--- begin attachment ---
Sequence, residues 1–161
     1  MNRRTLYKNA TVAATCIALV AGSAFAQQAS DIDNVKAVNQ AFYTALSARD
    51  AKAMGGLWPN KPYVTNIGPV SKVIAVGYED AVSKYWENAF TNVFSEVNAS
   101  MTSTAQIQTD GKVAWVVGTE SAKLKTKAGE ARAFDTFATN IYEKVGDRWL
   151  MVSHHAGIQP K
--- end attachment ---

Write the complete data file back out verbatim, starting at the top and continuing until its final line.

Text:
Sequence, residues 1–161
     1  MNRRTLYKNA TVAATCIALV AGSAFAQQAS DIDNVKAVNQ AFYTALSARD
    51  AKAMGGLWPN KPYVTNIGPV SKVIAVGYED AVSKYWENAF TNVFSEVNAS
   101  MTSTAQIQTD GKVAWVVGTE SAKLKTKAGE ARAFDTFATN IYEKVGDRWL
   151  MVSHHAGIQP K